Works in the Herald 1935

Addressing the Congress of the British Association in London, Commissioner Lamb, of the Salvation Army, declared that the race was doomed because the mass of people acquiesced in a system that throws 25 per cent of the workers on the scrap heap, and tolerates slum housing.

We'd harbored them on hovels, and in dens,
   Altho' in price they counted less than cattle,
Had they not still the right, that ws all men's,
   To strive and in a place in life's stern battle?
Had they not still the gift of God's free air,
   His glorious sun, and every freeman's birthright
To fight the snarling pack and snatch a share?
   Why should the task be ours to set the earth right?

Man may not win (we'd said) to earthly ease
   Saving thro' strength, or birth, or lucky gamble.
Why, then, a truce to sentimental pleas;
   Let us continue with the merry scramble
In which the valiant strong, to gain high place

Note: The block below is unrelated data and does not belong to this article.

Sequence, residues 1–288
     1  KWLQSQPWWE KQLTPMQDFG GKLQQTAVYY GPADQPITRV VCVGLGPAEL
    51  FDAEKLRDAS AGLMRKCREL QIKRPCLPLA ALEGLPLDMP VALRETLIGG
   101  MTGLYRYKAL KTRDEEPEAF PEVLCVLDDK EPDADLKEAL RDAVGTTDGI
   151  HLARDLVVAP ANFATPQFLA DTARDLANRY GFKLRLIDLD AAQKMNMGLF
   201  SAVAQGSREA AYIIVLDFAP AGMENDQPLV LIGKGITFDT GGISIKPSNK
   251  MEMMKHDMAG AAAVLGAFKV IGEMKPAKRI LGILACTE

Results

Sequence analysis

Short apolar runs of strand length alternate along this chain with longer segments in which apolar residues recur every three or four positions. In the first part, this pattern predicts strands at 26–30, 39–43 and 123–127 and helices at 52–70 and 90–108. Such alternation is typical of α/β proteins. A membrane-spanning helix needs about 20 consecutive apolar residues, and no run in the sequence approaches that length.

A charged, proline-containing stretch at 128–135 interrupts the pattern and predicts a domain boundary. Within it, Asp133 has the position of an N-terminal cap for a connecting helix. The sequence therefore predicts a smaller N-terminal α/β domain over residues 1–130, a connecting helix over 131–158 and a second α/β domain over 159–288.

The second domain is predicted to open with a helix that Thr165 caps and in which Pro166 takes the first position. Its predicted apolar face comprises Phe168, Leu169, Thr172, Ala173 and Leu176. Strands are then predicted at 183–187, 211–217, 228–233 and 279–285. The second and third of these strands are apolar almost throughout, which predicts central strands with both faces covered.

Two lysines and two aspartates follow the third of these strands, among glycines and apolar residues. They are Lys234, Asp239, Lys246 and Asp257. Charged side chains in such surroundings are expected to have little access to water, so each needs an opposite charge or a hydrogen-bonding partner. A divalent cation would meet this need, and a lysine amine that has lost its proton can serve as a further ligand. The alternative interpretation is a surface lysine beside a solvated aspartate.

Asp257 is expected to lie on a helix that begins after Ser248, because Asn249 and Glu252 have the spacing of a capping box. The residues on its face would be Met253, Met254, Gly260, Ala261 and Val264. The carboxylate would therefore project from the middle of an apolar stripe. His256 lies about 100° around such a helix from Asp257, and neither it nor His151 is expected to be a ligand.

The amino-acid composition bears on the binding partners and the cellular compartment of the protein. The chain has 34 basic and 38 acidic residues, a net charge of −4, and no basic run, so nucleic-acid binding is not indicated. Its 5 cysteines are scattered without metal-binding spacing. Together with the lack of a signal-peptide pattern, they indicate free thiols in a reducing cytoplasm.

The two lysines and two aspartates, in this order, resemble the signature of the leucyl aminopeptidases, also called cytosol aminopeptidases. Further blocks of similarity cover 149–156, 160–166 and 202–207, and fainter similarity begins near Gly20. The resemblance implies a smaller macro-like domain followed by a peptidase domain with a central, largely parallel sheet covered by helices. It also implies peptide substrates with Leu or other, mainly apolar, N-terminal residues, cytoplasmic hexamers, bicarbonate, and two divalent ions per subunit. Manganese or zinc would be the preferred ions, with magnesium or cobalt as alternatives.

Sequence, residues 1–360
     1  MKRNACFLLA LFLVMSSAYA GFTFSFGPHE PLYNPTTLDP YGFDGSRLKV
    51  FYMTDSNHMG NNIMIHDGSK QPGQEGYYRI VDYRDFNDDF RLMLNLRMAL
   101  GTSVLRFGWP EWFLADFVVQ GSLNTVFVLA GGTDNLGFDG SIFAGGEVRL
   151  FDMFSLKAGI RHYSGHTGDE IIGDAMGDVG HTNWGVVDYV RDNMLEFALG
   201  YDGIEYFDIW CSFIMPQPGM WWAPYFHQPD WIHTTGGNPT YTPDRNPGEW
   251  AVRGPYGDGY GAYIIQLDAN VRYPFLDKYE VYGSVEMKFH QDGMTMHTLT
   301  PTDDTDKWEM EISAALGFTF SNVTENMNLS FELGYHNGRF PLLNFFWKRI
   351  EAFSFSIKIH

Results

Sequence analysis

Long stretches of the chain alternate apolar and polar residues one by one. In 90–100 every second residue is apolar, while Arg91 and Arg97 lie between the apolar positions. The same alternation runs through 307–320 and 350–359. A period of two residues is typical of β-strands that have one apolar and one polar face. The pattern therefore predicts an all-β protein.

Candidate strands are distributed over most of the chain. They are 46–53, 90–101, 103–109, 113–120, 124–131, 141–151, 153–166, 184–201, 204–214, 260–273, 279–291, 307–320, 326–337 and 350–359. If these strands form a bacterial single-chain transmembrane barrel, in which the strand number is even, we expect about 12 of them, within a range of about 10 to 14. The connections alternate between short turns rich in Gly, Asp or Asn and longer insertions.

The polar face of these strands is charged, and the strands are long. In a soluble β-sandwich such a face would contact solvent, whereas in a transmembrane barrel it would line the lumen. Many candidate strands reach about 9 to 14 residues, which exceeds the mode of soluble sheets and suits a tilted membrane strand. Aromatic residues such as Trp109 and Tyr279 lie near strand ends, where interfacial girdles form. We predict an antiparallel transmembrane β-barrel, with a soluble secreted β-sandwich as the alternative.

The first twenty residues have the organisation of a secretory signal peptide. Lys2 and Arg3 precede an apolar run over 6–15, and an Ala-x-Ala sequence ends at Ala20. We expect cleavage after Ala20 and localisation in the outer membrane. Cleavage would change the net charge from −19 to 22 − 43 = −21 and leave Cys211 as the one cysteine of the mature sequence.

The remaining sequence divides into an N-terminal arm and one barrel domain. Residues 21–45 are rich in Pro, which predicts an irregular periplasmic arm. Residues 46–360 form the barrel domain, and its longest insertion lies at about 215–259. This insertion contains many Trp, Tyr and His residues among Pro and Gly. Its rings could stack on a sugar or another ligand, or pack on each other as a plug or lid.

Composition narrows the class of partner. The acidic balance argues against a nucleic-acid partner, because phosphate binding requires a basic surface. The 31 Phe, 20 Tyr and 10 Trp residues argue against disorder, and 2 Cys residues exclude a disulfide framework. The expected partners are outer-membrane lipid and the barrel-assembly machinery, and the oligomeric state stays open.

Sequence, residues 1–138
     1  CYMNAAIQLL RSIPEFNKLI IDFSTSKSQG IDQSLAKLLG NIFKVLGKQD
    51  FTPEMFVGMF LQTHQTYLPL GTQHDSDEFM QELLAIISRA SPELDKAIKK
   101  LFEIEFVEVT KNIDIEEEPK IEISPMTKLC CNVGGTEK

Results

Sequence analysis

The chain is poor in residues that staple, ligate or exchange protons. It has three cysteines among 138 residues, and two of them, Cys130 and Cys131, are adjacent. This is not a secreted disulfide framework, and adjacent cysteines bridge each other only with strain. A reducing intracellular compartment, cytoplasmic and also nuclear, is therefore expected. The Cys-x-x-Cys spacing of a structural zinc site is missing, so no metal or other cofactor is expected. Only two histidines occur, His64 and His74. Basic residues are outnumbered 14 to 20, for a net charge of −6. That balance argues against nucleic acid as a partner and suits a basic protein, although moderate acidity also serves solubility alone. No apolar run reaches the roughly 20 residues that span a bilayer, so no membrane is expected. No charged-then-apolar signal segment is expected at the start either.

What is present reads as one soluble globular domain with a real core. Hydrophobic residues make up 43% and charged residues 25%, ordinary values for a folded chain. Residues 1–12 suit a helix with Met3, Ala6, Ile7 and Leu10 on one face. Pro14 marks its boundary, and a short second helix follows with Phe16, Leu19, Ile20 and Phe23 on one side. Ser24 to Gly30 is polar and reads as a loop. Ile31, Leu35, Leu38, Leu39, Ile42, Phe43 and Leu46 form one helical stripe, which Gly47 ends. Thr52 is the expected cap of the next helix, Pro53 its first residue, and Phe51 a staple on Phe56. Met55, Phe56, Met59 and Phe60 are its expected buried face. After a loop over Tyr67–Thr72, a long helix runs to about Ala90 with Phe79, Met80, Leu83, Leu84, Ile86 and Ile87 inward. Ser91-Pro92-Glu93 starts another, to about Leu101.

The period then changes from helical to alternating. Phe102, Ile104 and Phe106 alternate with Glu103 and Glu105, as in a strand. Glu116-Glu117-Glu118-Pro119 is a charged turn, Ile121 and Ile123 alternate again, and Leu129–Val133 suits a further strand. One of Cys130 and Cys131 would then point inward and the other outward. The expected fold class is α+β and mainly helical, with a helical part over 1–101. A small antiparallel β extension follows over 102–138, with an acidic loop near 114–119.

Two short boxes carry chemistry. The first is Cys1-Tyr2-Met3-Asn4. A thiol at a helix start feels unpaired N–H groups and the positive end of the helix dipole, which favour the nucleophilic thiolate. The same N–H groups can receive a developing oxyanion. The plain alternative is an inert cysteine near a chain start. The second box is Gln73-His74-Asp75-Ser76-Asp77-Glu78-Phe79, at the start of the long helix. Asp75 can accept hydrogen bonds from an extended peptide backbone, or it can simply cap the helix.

Pulls down and climbs upon some weaker rival.
'Tis Nature's law.  And thus a stalwart race
   Is e'er upheld by glorious survival.

Upon the olden road to Jericho
   We watched, not one, but myriads fall and sicken.
We grieved; but saw no duty to stoop low.
   Were we accountable for all Earth's stricken?
Shrewdly we passed by on the other side,
   Planning such schemes as trouble a man's mind most.
"Not ours to alter Nature's law," we cried.
   "Each for himself, and devil take the hindmost."

And so the devil took them -- not for death;
   But to live on where want and squalor cherish
Undreamed-of evils, whose miasmal breath
   So taints the air that all the race may perish.
Is it too late to stay the avenging hand?
   Too late to hold at bay this savage Reaper
Men have invoked?  Till all shall understand
   And cry at last, "I am my brother's keeper!"

Herald, 11 September 1935, p6

Copyright © Perry Middlemiss 2004-05